The experiment was cut back for funding reasons a few years ago and it became possible to obtain pets. I would love to have one of those.

  • Xanthippe

    I saw a documentary about these foxes, beautiful animals. You can email the Institute of Cytology And Genetics where they breed the domesticated silver foxes.

    This is the website


  • cofty

    Belyaev's experiment offers a likely answer to the domestication of dogs. At one time it was assumed that humans raised wolf pups and raised them to be tame. This now seems very unlikely.

    When humans began to abandon the hunter-gatherer lifestyle in favour of farming from settlements their garbage provided a new source of food for wolves. Every wolf has it's own tolerance of proximity to humans. Those who were least likely to run away at the approach of humans would benefit more than than others. Over many generations this small advantage led to tame animals through natural selection with all of the changes in morphology that the foxes displayed.

    Eventually humans took over with artificial selection producing the huge variety of breeds we see today.


  • TheOldHippie
    But this is not macro-evolution, this is micro-evolution, adaption, and nobody denies that adaption accurs.
  • cofty

    Hi OldHippie.

    Actually there is no such distinction as micro and macro evolution.

    nobody denies that adaption accurs

    I do. Adaption is a myth. Nothing ever adapted to it's environment - ever.

    Where are you drawing the line with how much evolution you will allow? I can never get a straight answer on that.

    A wolf becoming a little fluffy friendly pooch is quite a big change. Floppy ears, short or curly tails, extended reproductive seasons, changes in fur coloration, and changes in the shape of their skulls, jaws, and teeth.

    Do you accept that wolves and foxes evolved from a common ancestor? How about Lions and Jaguars, or Eagles and sparrows?

    If you take a browse through the previous posts in this series you will see that the evidence that all living things, from humans to cabbages, evolved from a common ancestor. See the OP for links. The evidence from DNA that I covered in the first 10 threads is especially compelling. It is the very same sort of evidence used in court to convict rapists and establish paternity.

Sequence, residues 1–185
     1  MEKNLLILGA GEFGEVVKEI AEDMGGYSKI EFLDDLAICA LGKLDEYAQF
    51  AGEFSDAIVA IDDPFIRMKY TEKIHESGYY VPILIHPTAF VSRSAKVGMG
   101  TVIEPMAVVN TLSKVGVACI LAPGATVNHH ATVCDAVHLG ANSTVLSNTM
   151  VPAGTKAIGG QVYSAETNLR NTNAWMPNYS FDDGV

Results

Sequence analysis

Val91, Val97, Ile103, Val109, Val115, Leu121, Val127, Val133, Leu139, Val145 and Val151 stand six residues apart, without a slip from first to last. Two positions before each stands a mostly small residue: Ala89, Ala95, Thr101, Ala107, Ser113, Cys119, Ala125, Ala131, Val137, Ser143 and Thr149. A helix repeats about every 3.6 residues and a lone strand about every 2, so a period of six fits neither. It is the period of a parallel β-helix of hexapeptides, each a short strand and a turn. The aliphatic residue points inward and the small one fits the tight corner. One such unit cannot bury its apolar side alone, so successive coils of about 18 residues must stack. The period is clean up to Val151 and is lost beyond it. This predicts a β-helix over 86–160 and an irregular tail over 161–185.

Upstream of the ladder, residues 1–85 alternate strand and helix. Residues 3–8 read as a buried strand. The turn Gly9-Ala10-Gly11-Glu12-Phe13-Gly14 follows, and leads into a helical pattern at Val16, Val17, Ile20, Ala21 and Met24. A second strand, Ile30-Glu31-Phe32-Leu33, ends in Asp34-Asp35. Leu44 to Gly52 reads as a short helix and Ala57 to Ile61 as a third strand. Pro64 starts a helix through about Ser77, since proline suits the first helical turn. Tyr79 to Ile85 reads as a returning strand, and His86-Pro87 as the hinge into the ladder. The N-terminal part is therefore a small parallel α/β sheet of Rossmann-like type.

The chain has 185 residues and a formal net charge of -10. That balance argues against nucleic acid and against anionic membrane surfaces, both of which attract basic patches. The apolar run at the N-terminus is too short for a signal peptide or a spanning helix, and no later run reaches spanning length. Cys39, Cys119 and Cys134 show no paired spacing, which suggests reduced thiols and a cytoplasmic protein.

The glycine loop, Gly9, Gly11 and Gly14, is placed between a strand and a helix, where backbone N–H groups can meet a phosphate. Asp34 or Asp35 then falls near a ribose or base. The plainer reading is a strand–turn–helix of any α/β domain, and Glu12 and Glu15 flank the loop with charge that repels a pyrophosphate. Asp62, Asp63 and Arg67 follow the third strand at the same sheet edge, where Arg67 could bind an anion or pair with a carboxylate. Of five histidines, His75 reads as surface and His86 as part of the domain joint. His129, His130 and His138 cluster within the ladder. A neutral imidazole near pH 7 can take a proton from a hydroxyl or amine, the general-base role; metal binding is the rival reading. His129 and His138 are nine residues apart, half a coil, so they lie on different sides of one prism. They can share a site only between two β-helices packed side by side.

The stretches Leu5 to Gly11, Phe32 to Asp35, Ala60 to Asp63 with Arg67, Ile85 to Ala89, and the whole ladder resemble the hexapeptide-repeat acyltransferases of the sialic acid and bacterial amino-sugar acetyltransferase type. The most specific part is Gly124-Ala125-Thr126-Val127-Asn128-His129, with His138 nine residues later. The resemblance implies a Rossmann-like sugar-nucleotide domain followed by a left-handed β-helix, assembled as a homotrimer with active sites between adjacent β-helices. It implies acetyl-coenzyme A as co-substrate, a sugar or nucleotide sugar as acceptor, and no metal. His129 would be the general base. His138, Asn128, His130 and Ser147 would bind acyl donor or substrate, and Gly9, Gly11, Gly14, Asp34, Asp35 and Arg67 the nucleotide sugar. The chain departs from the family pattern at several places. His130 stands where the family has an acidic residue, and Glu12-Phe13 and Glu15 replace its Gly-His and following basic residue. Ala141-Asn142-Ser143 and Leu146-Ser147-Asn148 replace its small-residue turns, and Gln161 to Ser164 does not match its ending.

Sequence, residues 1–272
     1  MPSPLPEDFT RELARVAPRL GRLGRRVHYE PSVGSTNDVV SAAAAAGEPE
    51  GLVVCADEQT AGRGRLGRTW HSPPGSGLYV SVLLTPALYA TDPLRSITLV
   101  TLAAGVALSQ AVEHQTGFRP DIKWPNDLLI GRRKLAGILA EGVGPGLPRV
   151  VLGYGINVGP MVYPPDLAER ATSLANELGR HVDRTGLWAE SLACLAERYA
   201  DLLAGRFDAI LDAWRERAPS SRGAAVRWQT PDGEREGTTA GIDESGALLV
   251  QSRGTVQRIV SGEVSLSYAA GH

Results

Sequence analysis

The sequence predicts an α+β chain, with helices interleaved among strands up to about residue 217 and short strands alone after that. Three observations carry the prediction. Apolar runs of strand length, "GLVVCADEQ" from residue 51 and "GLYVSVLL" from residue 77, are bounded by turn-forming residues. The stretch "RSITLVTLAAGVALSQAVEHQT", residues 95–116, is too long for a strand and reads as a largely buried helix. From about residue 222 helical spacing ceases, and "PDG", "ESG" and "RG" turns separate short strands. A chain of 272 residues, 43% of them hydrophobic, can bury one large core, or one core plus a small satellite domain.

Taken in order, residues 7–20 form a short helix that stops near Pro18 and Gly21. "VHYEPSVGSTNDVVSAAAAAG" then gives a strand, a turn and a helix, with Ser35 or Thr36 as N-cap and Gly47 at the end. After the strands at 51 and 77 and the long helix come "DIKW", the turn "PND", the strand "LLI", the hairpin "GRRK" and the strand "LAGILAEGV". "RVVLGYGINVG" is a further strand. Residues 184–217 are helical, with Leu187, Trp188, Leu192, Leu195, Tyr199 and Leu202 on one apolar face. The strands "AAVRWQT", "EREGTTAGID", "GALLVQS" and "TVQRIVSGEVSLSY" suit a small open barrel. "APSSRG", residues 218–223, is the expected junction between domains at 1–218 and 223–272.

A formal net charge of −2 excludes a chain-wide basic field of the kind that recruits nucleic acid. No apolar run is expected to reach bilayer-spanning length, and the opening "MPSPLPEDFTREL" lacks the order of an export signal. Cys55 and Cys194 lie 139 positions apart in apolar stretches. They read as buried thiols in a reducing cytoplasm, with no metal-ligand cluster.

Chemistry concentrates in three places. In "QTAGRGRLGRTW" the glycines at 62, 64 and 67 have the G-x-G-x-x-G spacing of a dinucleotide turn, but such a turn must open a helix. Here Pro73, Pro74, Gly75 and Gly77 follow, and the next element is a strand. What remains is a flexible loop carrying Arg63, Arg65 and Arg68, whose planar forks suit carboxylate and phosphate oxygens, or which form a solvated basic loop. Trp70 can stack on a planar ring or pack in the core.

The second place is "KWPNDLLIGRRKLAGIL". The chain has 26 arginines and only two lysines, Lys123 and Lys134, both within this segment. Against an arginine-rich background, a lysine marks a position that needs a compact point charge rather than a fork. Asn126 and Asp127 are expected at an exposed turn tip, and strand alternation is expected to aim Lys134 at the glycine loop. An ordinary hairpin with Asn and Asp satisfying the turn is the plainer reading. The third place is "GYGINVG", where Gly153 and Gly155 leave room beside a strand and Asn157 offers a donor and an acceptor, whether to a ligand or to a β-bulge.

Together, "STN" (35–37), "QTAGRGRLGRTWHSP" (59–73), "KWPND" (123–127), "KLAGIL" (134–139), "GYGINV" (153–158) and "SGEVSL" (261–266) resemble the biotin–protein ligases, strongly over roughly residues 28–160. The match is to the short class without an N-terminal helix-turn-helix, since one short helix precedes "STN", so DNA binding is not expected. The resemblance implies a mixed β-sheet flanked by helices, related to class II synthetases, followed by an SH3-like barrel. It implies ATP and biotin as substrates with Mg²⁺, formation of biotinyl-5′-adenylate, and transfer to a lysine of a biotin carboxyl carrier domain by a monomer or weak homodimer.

Number 11 is a great example of transition from fish to amphibian and number 18 will build on that. Number 16 proves the common ancestry of aquatic mammals and hippos.

  • Perry

    Let's sum up 40 years of effort:

    1. You start with a Canine

    2. 40 Years later you end up with a Canine.

    And God made the beast of the earth after his kind, and cattle after their kind, and every thing that creepeth upon the earth after his kind: and God saw that it was good. - Genesis 1: 25

    Canines will never turn into docile doodle bugs no matter how much selective breeding is performed. The fox experiment is powerful proof that certain boundaries cannot be crossed with selective breeding processes, exactly as God indicated with his statements above.

  • cofty

    Perry read everything I said to OldHippe

    Canines will never turn into docile doodle bugs

    What is a docile doodle bug?

    Please answer the question of where you are drawing the line. What specifically is a kind?

    Are hippos and whales the same "kind"?

    Are ray-finned fish and lobe-finned fish the same kind?

    Are lobe-finned fish and amphibians the same kind?

  • LoveUniHateExams

    Let's sum up 40 years of effort - blah blah God, blah blah Genesis

    Let's sum it up better:

    in just fifty years, spanning only forty generations, the red fox (Vulpes vulpes) has started to evolve via artificial selection.

    Evolution in action.